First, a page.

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[perl #128708] recommended 'my sub' example in perlsub leaks memory

Father Chrysostomos via RT
July 27, 2016 05:59
[perl #128708] recommended 'my sub' example in perlsub leaks memory
Message ID:
On Sat Jul 23 15:11:40 2016, mauke- wrote:
> This is a bug report for perl from,
> generated with the help of perlbug 1.40 running under perl 5.24.0.
> -----------------------------------------------------------------
> [Please describe your issue here]
> perldoc perlsub:
> | To use a lexical subroutine from inside the subroutine itself, you
> must
> | predeclare it. The "sub foo {...}" subroutine definition syntax
> respects
> | any previous "my sub;" or "state sub;" declaration.
> |
> |     my sub baz;         # predeclaration
> |     sub baz {           # define the "my" sub
> |         baz();          # recursive call
> |     }
> This example leaks memory, just like
> my $baz;
> $baz = sub { $baz->(); };
> ($baz keeps the sub alive, the sub keeps $baz alive).
> It would be really good if recursive lexical subs could be made to not
> leak
> memory.

It cannot be fixed in general, because if you have two subs referencing each other in their pads--

    my sub foo;
    my sub bar;
    sub foo { bar if $whatever }
    sub bar { foo if $whatever }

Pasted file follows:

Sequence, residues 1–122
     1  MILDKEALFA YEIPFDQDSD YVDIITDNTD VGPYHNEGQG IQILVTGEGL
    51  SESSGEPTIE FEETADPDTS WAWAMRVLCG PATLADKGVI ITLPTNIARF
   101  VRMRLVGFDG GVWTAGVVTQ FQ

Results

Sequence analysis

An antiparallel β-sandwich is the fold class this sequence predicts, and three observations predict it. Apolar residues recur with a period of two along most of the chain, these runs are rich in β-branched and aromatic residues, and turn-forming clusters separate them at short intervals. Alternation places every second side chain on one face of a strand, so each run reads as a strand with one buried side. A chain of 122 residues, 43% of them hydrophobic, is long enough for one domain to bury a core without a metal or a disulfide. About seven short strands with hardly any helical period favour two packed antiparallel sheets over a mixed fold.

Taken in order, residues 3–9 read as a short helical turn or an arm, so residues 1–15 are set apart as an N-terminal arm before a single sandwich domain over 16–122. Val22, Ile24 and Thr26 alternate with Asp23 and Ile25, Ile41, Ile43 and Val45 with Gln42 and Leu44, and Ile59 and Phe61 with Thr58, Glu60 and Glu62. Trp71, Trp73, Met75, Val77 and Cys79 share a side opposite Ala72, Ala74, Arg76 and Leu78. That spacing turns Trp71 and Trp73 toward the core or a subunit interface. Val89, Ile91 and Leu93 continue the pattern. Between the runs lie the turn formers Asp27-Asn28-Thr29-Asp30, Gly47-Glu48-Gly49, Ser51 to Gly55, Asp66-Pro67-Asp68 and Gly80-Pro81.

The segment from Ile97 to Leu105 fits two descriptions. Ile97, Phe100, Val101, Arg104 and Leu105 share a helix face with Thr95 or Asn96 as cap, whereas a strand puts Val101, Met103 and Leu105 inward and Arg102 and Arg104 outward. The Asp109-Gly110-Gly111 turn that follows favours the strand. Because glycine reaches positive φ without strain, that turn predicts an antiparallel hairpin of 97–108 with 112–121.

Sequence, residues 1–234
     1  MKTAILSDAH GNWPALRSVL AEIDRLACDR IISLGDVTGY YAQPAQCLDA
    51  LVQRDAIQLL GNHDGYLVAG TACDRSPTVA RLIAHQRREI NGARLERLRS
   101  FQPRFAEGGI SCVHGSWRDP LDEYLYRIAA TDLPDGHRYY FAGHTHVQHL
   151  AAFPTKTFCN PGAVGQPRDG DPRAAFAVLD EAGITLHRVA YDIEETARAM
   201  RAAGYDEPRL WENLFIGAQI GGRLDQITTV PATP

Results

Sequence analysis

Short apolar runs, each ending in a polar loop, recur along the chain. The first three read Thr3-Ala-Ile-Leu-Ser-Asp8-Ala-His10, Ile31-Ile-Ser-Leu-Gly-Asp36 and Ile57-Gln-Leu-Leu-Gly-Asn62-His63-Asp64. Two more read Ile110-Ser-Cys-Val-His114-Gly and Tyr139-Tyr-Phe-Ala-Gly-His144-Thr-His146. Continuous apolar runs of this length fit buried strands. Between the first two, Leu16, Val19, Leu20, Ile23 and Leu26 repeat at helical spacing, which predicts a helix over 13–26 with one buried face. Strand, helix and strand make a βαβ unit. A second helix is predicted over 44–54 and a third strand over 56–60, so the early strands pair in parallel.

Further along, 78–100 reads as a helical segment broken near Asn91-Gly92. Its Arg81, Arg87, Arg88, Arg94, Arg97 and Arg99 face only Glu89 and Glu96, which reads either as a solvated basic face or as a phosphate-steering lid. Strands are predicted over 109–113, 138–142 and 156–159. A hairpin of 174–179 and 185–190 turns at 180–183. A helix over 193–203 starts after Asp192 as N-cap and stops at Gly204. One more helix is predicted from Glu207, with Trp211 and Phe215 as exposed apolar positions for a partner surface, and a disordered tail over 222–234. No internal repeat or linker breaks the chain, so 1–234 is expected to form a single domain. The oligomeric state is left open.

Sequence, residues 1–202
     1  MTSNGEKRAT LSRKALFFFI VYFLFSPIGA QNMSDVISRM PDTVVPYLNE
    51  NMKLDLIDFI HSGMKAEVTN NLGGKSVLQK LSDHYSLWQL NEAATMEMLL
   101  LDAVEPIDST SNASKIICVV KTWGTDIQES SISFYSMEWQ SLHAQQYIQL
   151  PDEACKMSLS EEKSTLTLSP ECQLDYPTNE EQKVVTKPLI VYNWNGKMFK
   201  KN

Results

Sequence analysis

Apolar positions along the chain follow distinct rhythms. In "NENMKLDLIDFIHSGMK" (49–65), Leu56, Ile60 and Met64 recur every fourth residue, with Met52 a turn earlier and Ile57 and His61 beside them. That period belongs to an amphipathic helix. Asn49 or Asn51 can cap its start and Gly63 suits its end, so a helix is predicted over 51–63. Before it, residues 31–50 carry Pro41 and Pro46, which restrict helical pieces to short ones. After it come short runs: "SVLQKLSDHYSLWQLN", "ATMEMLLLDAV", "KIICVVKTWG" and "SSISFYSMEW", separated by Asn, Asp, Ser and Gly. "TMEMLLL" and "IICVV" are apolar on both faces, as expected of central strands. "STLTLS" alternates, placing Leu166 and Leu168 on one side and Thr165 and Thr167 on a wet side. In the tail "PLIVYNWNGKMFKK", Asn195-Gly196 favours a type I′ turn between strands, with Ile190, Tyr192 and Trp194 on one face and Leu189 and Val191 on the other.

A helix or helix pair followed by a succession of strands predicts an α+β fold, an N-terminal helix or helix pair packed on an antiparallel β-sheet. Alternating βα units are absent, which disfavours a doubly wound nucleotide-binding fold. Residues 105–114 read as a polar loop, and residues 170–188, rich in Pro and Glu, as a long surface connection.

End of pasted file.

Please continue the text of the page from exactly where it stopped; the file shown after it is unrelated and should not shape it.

--then you cannot know which pointer to weaken, since you cannot tell which sub will be referenced by user code last.

It might be possible to add a special case to break the reference loop of a self-referential sub.  But there is no standard for storing a weak pointer in a pad (except the format hack).  It’s not clear where to store the flag marking the pointer as weak.

Now, there is a hack for storing weak pointers to formats in pads (which are stored there solely for the sake of fixing up CvOUTSIDE pointers if they are defined within predeclared subs) consists of storing a weak RV which points to the format.

If we apply that to lexical subs, then padcv will have to have an extra special case to check for an RV.  Is it worth the added complexity for something that is only a partial fix?  If we need to educate users anyway, do we need a special case?

> Alternatively, this example should be removed from the documentation

Or replaced with a state sub example.  state subs will also leak, but no more than


> and
> replaced by a warning that doing this kind of thing leads to memory
> leaks.

Good idea.


Father Chrysostomos

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